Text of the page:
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What Top Chefs Are Cooking And Eating For Ramadan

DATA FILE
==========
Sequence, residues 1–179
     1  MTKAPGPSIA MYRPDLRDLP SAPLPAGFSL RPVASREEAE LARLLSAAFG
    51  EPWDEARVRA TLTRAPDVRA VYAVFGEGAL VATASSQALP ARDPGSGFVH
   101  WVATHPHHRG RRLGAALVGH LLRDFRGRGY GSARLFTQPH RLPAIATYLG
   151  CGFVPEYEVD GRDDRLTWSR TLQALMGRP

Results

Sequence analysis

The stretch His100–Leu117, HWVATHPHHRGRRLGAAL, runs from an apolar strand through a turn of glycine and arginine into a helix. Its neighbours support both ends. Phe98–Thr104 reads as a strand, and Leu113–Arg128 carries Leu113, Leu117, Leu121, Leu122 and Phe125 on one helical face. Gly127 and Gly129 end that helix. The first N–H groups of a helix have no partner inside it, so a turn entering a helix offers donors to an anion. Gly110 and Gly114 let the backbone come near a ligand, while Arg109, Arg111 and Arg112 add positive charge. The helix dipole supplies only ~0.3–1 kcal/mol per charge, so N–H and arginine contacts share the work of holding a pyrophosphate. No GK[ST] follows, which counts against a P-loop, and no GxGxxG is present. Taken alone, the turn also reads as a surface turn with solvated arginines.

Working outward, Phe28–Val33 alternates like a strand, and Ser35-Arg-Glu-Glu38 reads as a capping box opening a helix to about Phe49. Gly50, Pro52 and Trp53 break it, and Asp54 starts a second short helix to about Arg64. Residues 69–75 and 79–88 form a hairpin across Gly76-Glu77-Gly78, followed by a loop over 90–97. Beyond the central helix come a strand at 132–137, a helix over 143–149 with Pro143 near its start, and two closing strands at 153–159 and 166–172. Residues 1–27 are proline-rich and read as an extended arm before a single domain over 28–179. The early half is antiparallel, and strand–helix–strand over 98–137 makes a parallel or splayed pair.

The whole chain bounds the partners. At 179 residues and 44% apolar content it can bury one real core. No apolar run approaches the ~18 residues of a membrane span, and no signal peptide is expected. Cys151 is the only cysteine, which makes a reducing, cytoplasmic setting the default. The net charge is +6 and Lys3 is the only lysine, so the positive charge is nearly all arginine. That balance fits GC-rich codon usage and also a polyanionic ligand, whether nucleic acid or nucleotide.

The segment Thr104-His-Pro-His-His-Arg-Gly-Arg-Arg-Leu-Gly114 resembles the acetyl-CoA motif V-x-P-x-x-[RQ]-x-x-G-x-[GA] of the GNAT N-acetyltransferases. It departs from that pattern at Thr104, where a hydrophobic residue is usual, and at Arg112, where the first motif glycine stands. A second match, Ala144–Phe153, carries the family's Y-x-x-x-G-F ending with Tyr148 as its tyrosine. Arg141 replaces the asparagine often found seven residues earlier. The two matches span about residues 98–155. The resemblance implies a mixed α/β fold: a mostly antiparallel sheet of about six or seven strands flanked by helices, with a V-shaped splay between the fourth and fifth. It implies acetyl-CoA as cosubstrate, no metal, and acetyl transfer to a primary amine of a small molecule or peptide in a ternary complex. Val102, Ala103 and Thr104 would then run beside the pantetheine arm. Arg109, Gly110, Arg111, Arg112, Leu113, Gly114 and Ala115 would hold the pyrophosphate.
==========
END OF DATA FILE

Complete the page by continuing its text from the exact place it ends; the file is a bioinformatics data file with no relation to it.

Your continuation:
No one truly knows when Ramadan, the ninth month of the Islamic lunar calendar, commences until the evening before. When I began fasting in my early teens living in Karachi, Pakistan, I remember the anticipation that accompanied the sighting of a new moon that heralded the month’s beginning. For 30 consecutive days as the sun set beneath the skyline, my multi-generational family would gather around the dining table that was heaving with platters of nourishing food and recount the day’s activities, share jokes, and invariably talk about what we would be eating for Suhoor/Sehri (the pre-dawn meal) a few hours later. For me, the beauty of Ramadan was embodied in the contrast between the tenacity and austerity of the day’s fast and the fortifying wholesomeness of a communal iftar, which ends a long stretch of hunger and abstinence. Food is undoubtedly central to the observance of Ramadan. But the essence of the month goes beyond the ritual of fasting – it truly lies in the spirit of sharing, giving and strengthening bonds. How Muslim communities observe Ramadan varies by geography, ethnicity and adaptability to local realities. I spoke to three chefs across the globe, for whom the month of Ramadan assumes special significance exploring how their relationship with food and a focus on community manifests during the month.